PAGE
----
Brain Dysfunction May Be at Root of Chronic Fatigue Syndrome

Brain Dysfunction May Be at Root of Chronic Fatigue Syndrome
26.02.2024

Until now, research about a debilitating condition that has become more common during the pandemic offered little hope for patients and the doctors who treat them that the patients could eventually resume normal daily activities. 

That’s because scientists didn’t know much about what caused the illness, called myalgic encephalomyelitis/chronic fatigue syndrome (ME/CFS). It affects multiple body systems, with its hallmark symptom being extreme fatigue that leaves many people bedridden. There’s little understanding of what causes ME/CFS, and there are no treatments.

Now, a multimillion-dollar government study has revealed several key understandings about ME/CFS. The scientific findings were published Wednesday in Nature Communications.

One important new finding was that the people in the study had low activity in a brain region called the temporal-parietal junction, “which may cause fatigue by disrupting the way the brain decides how to exert effort,” according to a National Institutes of Health summary of the study’s major takeaways.

The researchers also found that people in the study had changes in spinal fluid that may have made them less able to move. And the abnormal spinal fluid may also explain changes in mental skills and the body’s response to effort. 

One of the most difficult aspects of ME/CFS is that fatigue worsens after activity. About 1 in 100 adults in the U.S. have ME/CFS, according to the National Center for Health Statistics, based on responses from a national survey done in 2021 and 2022. The odds of being diagnosed with ME/CFS increase as people get older but plateaus between ages 60 and 69. Fewer and fewer people are newly diagnosed with the condition after reaching age 70.

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A new analysis published last week by the CDC estimated that people are four times more likely to get chronic fatigue after having COVID-19, compared to people who didn’t have COVID. Scientists had previously found that ME/CFS is most often diagnosed after a person has an infection that the body struggles to overcome, and instead continues its immune response.

This latest investigation of ME/CFS was an enormous project. More than 70 authors are listed on the 70-page Nature Communications manuscript, and the study spanned 8 years and cost more than $8 million, STAT News reported.

“People with ME/CFS have very real and disabling symptoms, but uncovering their biological basis has been extremely difficult,” Walter Koroshetz, MD, director of the NIH’s National Institute of Neurological Disorders and Stroke (NINDS), said in a statement. “This in-depth study of a small group of people found a number of factors that likely contribute to their ME/CFS. Now researchers can test whether these findings apply to a larger patient group and move towards identifying treatments that target core drivers of the disease.”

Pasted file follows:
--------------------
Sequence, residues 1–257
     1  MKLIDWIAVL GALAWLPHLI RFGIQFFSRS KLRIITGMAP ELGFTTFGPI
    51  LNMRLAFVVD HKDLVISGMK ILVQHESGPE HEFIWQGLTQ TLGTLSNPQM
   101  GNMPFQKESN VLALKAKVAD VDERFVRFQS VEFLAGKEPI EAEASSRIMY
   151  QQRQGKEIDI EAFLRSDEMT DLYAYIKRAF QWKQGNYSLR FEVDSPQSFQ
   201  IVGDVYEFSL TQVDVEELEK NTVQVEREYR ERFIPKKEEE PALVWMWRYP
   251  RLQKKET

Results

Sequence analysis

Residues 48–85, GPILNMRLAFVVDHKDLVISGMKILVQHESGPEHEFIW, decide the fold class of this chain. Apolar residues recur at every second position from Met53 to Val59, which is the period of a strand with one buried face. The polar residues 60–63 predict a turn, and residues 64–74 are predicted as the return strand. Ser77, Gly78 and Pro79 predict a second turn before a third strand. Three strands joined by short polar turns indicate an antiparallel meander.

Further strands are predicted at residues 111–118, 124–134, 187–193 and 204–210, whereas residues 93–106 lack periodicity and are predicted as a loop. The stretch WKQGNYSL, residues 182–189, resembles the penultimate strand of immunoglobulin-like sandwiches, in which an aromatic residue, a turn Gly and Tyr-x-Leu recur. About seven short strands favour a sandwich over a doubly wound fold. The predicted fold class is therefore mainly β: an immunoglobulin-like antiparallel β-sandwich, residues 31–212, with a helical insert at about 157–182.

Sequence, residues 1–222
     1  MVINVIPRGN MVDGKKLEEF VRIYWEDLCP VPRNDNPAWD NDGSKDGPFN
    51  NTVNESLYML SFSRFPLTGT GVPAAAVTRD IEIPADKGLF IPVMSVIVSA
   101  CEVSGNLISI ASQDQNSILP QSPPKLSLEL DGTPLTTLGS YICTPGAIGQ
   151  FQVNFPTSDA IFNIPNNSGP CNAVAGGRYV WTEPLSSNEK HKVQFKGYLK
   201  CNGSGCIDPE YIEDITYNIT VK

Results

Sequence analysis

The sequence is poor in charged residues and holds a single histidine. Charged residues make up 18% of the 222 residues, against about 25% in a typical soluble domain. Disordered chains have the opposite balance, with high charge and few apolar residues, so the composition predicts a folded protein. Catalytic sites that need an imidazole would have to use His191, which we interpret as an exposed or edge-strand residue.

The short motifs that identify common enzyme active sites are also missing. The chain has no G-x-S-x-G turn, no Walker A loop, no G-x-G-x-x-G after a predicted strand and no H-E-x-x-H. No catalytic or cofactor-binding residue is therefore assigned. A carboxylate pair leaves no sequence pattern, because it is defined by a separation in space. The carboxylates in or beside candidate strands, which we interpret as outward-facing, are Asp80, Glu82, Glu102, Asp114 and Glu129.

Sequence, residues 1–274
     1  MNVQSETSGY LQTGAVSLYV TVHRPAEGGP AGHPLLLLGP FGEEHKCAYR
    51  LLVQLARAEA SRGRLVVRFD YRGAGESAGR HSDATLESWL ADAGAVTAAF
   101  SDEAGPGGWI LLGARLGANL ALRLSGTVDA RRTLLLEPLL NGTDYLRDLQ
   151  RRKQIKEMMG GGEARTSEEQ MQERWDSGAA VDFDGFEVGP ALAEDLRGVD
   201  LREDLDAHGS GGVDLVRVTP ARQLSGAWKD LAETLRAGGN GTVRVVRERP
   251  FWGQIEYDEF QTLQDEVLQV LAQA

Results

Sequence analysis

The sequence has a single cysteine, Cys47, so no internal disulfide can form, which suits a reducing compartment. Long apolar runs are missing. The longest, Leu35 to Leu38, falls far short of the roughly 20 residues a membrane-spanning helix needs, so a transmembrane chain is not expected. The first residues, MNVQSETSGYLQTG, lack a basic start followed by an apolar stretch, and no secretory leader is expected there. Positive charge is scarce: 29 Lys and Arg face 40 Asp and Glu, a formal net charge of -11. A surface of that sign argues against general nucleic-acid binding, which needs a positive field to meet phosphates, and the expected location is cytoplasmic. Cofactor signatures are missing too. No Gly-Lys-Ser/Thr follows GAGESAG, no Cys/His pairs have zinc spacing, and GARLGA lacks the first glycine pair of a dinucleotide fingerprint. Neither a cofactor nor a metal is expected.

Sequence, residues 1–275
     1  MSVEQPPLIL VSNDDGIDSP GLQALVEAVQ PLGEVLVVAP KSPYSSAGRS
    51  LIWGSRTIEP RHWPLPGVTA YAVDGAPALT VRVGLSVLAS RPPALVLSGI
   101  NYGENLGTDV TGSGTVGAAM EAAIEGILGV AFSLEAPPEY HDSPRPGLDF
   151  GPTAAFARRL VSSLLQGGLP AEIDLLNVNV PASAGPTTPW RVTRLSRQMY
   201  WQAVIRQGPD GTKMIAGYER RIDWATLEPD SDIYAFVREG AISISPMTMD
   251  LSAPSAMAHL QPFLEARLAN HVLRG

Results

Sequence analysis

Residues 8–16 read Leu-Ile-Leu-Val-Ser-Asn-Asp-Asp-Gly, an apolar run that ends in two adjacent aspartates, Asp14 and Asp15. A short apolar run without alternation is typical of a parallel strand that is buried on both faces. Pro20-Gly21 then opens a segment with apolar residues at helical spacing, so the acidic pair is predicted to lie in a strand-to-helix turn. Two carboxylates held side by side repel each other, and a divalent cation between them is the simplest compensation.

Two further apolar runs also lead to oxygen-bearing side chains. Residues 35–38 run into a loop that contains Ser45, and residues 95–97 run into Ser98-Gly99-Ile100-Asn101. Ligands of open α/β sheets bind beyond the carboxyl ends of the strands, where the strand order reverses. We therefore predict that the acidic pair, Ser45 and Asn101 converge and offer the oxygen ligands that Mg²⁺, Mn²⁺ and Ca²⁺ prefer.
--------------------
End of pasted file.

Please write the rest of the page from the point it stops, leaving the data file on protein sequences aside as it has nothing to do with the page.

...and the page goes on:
Another key finding may bring a better understanding of why women are more likely to be diagnosed with ME/CFS than men. Researchers found there were gender-based differences in immune systems and patterns of inflammation among people in the study.

“Men and women were quite divergent in their data, and that tells you that ME/CFS is not one-size-fits-all,” senior study author Avindra Nath, MD, clinical director at NINDS, said in a statement. “Considering male and female immune differences in ME/CFS, the results may open up new avenues of research that could provide insight into other infection-associated chronic diseases.”

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The study was very small and included 17 people with ME/CFS who had been sick for less than 5 years, as well as 21 healthy people who served as a comparison group. Another key finding was that the brains of those with ME/CFS stayed unusually active in the area that controls movement. The unusual brain activity in the motor cortex occurred during fatiguing tasks, but there was no simultaneous muscle fatigue in other parts of the body. The mismatch suggests brain dysfunction.

“We may have identified a physiological focal point for fatigue in this population,” researcher Brian Walitt, MD, MPH, an associate research physician at NINDS, said in a statement. “Rather than physical exhaustion or a lack of motivation, fatigue may arise from a mismatch between what someone thinks they can achieve and what their bodies perform.”

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